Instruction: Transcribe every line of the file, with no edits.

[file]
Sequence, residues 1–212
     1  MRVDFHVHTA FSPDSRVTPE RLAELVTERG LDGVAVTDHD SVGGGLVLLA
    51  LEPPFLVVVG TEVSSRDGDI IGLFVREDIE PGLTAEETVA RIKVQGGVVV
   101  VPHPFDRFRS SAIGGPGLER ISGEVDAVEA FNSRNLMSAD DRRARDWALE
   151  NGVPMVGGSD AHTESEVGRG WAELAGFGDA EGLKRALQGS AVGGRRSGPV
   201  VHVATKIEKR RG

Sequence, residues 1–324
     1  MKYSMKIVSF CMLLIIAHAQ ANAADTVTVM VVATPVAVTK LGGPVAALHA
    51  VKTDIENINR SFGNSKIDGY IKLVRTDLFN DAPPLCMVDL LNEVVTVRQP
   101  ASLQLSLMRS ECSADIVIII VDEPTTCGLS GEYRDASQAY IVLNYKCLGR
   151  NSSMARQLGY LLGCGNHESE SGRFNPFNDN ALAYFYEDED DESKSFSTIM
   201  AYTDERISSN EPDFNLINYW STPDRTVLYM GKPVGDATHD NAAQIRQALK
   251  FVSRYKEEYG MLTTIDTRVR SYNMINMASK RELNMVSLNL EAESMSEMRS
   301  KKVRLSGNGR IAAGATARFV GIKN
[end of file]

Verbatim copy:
Sequence, residues 1–212
     1  MRVDFHVHTA FSPDSRVTPE RLAELVTERG LDGVAVTDHD SVGGGLVLLA
    51  LEPPFLVVVG TEVSSRDGDI IGLFVREDIE PGLTAEETVA RIKVQGGVVV
   101  VPHPFDRFRS SAIGGPGLER ISGEVDAVEA FNSRNLMSAD DRRARDWALE
   151  NGVPMVGGSD AHTESEVGRG WAELAGFGDA EGLKRALQGS AVGGRRSGPV
   201  VHVATKIEKR RG

Sequence, residues 1–324
     1  MKYSMKIVSF CMLLIIAHAQ ANAADTVTVM VVATPVAVTK LGGPVAALHA
    51  VKTDIENINR SFGNSKIDGY IKLVRTDLFN DAPPLCMVDL LNEVVTVRQP
   101  ASLQLSLMRS ECSADIVIII VDEPTTCGLS GEYRDASQAY IVLNYKCLGR
   151  NSSMARQLGY LLGCGNHESE SGRFNPFNDN ALAYFYEDED DESKSFSTIM
   201  AYTDERISSN EPDFNLINYW STPDRTVLYM GKPVGDATHD NAAQIRQALK
   251  FVSRYKEEYG MLTTIDTRVR SYNMINMASK RELNMVSLNL EAESMSEMRS
   301  KKVRLSGNGR IAAGATARFV GIKN